Shorter pads on 06/20/2014 12:20:20 MDT Print View

. --Now someone just needs to invent an inflatable PACK! It could serve as a multi-use item:--


MLD offers that as an option as an inflatable back pad for your pack.

Also, Gossamer Gear sells a torso pad that is tapered in 2 directions, less drop off for your legs.

Either of those might work for you.

I use a large X-Therm in the winter, and a reg X-Lite in the summer.

ed hyatt
(edhyatt) - MLife

Locale: The North
Re: Torso vs. full length pad on 06/20/2014 14:03:43 MDT Print View

Like others I've moved the other way - for the comfort/sleep factor - the over-arching thing being better sleep.

Used a TAR short for a few seasons (incl. some quite long trails - CT).

Using a pack under feet is OK - but the big pain for me was making a pillow high the pillow was off the mat.

With a full-length mat those problems go away at a 60g (oz and a half? penalty); come on - there's no contest...

I'm happier, wriggle less, sleep way better, don't need to muck about with arranging poor mat/pillow alternates that 'creep' in the night and make me restless.

Best thing I've chosen to do in years regarding weigh/benefit.

Max Dilthey
(mdilthey) - M

Works on 06/20/2014 19:35:44 MDT Print View

Torso pads plus backpack has worked for me just fine all winter out here in the Northeast, but my pack has a built-in foam back that is pretty substantial (it's a Boreas Buttermilk). I find that my legs and feet don't rest as firmly on a pad as my torso does, on account for things like heels and knees, so I lose a lot less heat in my lower body. I wouldn't hesitate to use a torso/pack system at any temperature above -20ºF.

I used it last night, in fact. Slept like a baby.

Kyle Robson
(kylerr) - MLife

Locale: Northern Virginia
Have you considered the Women's XLite on 06/21/2014 19:29:39 MDT Print View

I am 5'7" and only my feet stick off. It is 11 oz but you don't get any extra width. I would like to have a wider pad for the same reason you mentioned but I find that this pad works well.

mik matra
(mikmik) - M

Locale: Allways on the move
As mentioned several times on 06/22/2014 00:12:45 MDT Print View

I tried the torso pad and found it very uncomfortable to the point where my next day was effected by lower back pains from having that 'drop' of legs off the edge off the torso pad. Please have a good go at it before you do decide to go down the torso road. In my case I knew after the first night and NEVER had any luck with it thereafter.

Brian Johns
(bcutlerj) - M

Locale: NorCal
I'm with Ed. on 06/22/2014 05:56:34 MDT Print View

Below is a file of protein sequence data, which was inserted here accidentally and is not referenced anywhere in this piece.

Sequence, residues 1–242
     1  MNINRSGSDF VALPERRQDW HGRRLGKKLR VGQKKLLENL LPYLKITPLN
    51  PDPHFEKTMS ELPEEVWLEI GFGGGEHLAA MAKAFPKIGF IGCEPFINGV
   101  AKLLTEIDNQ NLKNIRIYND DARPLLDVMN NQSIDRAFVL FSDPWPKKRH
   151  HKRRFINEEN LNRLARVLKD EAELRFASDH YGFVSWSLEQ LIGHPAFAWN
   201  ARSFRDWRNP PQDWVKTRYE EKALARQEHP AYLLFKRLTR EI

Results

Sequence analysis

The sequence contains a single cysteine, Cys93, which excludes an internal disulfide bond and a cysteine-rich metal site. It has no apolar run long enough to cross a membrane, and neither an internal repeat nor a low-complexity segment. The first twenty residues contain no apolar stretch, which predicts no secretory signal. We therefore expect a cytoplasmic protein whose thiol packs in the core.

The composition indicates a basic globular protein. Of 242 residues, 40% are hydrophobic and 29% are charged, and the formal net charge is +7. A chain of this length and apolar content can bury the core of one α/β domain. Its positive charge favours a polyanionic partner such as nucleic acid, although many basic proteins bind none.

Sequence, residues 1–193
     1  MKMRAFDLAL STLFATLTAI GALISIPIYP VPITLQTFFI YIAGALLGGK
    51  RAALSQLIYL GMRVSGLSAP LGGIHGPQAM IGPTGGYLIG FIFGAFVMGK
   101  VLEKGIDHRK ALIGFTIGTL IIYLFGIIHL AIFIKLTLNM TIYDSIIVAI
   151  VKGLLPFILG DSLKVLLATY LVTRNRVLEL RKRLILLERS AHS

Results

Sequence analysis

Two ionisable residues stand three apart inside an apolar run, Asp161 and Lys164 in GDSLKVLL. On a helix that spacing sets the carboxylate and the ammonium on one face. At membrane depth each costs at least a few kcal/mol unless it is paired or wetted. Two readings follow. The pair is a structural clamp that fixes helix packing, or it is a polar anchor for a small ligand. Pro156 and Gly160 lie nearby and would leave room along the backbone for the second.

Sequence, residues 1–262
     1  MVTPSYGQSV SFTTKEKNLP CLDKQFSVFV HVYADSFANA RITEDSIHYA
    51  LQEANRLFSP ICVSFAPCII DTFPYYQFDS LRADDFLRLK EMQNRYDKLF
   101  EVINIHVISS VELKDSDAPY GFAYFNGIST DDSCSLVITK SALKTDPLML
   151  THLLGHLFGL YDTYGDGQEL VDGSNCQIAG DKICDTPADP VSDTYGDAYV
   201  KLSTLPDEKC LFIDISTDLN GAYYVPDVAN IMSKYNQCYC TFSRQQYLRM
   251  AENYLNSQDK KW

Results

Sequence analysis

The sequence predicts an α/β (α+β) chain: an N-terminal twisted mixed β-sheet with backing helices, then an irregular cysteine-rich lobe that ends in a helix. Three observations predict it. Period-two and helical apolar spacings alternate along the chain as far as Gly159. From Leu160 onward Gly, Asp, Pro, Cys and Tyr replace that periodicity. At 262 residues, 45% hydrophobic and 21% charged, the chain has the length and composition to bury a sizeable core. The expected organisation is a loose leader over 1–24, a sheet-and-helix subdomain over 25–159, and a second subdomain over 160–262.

Full length all the way. Life is too short for a crappy night t's rest in the outdoors. I used a 3/4 neo ex lite for years. The full sized pad, though, there is no comparison.

Woubeir (from Europe)
(Woubeir) - F - MLife
Re: Torso vs. full length pad on 06/22/2014 07:27:28 MDT Print View

Not mentioned is that a shorter pad (wether "3/4" or torsosize) with your legs and feet on a pack, may allow your legs and feet to lie higher (depending on the pack of course) and recuperate during the night. Having been doing that for ever and sleep good.

Edited by Woubeir on 06/22/2014 10:50:29 MDT.

Steve B
(geokite) - F

Locale: Southern California
Went away on 06/22/2014 10:43:41 MDT Print View

After my feet being the coldest part of my body on my pack, no matter what bag I was using, I decided to ditch the torso length pad for a full length pad. Feet are warmer. I was also tired of having to empty my pack to use under my feet. Now I have storage in my pack for odds and ends right next to my head.


jerry adams
(retiredjerry) - MLife

Locale: Oregon and Washington
Re: Went away on 06/22/2014 11:03:08 MDT Print View

same here - tried torso length, full length warmer and more comfortable feet.

It's narrower at foot end so doesn't add that much weight.

But torso length works too

Woubeir (from Europe)
(Woubeir) - F - MLife
Re: Re: Went away on 06/22/2014 12:36:38 MDT Print View

so actually, one should add the "3/4" pad (actually 2/3) to complete the comparison. Being able to choose only between torso and full length, my choice would be the full length either. But if a "3/4" would also be one of the possible choices, it would make a choice more difficult since, at least for me, I always slep5 nice and I was never cold (not even my feet)on such a pad.